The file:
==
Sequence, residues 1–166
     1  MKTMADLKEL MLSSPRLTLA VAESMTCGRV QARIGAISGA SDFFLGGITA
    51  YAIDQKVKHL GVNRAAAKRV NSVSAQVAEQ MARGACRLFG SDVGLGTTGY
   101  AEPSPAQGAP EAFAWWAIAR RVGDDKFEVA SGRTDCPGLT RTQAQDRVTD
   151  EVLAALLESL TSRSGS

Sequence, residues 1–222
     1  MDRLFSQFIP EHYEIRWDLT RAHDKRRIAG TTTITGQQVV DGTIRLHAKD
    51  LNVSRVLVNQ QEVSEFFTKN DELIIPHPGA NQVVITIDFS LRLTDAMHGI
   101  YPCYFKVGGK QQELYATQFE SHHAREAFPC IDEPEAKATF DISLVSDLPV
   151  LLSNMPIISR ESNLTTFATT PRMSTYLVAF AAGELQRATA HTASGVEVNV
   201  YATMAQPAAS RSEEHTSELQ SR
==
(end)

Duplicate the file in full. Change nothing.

Sequence, residues 1–166
     1  MKTMADLKEL MLSSPRLTLA VAESMTCGRV QARIGAISGA SDFFLGGITA
    51  YAIDQKVKHL GVNRAAAKRV NSVSAQVAEQ MARGACRLFG SDVGLGTTGY
   101  AEPSPAQGAP EAFAWWAIAR RVGDDKFEVA SGRTDCPGLT RTQAQDRVTD
   151  EVLAALLESL TSRSGS

Sequence, residues 1–222
     1  MDRLFSQFIP EHYEIRWDLT RAHDKRRIAG TTTITGQQVV DGTIRLHAKD
    51  LNVSRVLVNQ QEVSEFFTKN DELIIPHPGA NQVVITIDFS LRLTDAMHGI
   101  YPCYFKVGGK QQELYATQFE SHHAREAFPC IDEPEAKATF DISLVSDLPV
   151  LLSNMPIISR ESNLTTFATT PRMSTYLVAF AAGELQRATA HTASGVEVNV
   201  YATMAQPAAS RSEEHTSELQ SR